Government of British Columbia

Government of British Columbia

June 19, 2009 12:21 ET

Government of British Columbia: Certainty and Opportunity Through Co-Operation

VICTORIA, BRITISH COLUMBIA--(Marketwire - June 19, 2009) -




By Premier Gordon Campbell

June 19, 2009

(612 words)

National Aboriginal Day, June 21, is an important opportunity for all Canadians to take stock of not only how far we have come as a country, but also to think about how B.C.'s New Relationship with First Nations will be viewed by the rest of the world. In just 236 days, the eyes of almost every continent will turn to British Columbia and Canada for the 2010 Olympic and Paralympic Winter Games. They will see our spectacular natural environment. They will see our diversified economy that crosses and complements urban and rural resources with human talent. They will see the ethnic diversity of our people. And they will no doubt see, and judge for themselves, our relationships with First Nations.

The Four Host First Nations, Lil'wat, Musqueam, Squamish and Tsleil-Waututh First Nations, have been a cornerstone of the Olympics since the beginning. In fact, without the support of the Four Host First Nations, there is a real possibility we wouldn't be hosting the Olympics. The leadership by each of their respective chiefs and peoples has been admirable. British Columbia's host First Nations have embraced the Olympics and have worked hard to project a modern and progressive relationship with all stakeholders. As a result, the international community will have the opportunity to see First Nations art, language, traditions, history and culture.

Certainly, First Nations have shown great leadership across our province and our country. We should all reflect on the extraordinary service of Phil Fontaine and the great leaders we have in B.C. Thanks to them, we have taken steps to close the gaps in health care, education, housing and economic opportunities. In B.C., we have signed modern-day treaties with six First Nations and signed Incremental Treaty Agreements to allow First Nations as well as the Province to share the benefits of treaties in advance of a Final Agreement.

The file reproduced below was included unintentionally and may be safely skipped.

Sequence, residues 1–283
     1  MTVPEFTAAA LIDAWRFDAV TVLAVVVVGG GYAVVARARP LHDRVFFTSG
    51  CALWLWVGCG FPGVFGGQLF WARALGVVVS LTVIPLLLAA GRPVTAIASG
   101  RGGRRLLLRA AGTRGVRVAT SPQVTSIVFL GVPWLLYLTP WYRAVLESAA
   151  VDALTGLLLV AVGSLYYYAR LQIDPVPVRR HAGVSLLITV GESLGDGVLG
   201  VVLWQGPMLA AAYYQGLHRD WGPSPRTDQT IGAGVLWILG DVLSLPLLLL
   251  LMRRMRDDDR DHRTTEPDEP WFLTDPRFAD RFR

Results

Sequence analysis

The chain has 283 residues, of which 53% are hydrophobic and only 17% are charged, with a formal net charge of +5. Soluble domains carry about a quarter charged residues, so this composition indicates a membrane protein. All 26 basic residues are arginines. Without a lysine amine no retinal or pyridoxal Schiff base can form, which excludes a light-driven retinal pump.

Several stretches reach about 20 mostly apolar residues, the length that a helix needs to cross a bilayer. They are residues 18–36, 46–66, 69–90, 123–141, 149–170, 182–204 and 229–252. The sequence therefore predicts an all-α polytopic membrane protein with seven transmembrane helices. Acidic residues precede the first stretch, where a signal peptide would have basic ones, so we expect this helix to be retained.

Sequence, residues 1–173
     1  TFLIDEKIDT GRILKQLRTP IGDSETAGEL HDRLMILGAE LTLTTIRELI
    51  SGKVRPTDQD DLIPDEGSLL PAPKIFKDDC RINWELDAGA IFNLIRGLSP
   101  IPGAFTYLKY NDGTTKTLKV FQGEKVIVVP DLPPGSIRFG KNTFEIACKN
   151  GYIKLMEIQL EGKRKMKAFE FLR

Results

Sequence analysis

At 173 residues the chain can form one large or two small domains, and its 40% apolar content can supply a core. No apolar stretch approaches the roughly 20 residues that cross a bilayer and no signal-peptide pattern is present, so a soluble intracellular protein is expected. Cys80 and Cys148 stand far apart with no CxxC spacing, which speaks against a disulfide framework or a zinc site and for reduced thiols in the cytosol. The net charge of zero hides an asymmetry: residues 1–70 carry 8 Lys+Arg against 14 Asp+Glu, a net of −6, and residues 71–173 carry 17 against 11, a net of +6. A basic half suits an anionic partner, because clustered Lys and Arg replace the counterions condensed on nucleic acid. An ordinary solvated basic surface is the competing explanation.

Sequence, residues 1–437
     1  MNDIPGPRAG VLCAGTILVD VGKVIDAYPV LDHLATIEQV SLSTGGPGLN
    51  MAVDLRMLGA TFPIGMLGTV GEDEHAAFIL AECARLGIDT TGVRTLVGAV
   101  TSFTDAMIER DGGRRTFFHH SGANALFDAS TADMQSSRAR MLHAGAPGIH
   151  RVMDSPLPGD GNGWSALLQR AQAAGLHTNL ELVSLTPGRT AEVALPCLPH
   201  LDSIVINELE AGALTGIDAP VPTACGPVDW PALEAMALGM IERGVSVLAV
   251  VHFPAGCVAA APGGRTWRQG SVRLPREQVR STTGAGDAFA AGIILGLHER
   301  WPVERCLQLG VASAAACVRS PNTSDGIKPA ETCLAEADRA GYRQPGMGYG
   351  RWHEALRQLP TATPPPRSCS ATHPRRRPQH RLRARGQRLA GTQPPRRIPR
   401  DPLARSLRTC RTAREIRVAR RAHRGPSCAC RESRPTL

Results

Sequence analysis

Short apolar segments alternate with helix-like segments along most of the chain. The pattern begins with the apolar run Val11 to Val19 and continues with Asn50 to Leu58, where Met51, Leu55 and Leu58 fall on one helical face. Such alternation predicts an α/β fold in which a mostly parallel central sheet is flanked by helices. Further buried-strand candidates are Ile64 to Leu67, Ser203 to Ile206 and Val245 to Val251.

This has only been possible because First Nations have sat down with governments, industry and community leaders and, with determination, looked for new and better ways to find common ground. In the last few years, we have learned to learn from each other. We have learned that there can be more than one path to reach the same objective. And we have learned there are still many things we can do better to improve life and create certainty not only for First Nations, but for all British Columbians.

We can all take pride as a province for the steps we have taken together to build a New Relationship and for how that relationship will be viewed by other nations. That is not to say we don't face a great deal of challenges. We still have much work to do to close the gaps between First Nations and non-First Nations. It is for that reason we must continue building the New Relationship and exploring different ways, through either legislation or agreement, to further that trust.

Historically, there have been many costly conflicts between governments and First Nations. We have just started finding better ways to find common ground. Aboriginal or non-Aboriginal, we all share similar goals: to provide our children with an opportunity to work, prosper and lead a healthy, happy life. We have a lot of work to do to reach that goal. But I believe the New Relationship provides an important opportunity to set a framework that could benefit generations to come.

So as we celebrate National Aboriginal Day, and move towards Canada Day, we should recognize the tremendous contributions First Nations have made to our province and our country. And we should also recognize how significant those contributions will be when the world looks at our province with a magnified focus in 2010.

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Contact Information

  • Office of the Premier
    Bridgitte Anderson
    Press Secretary
    604 307-7177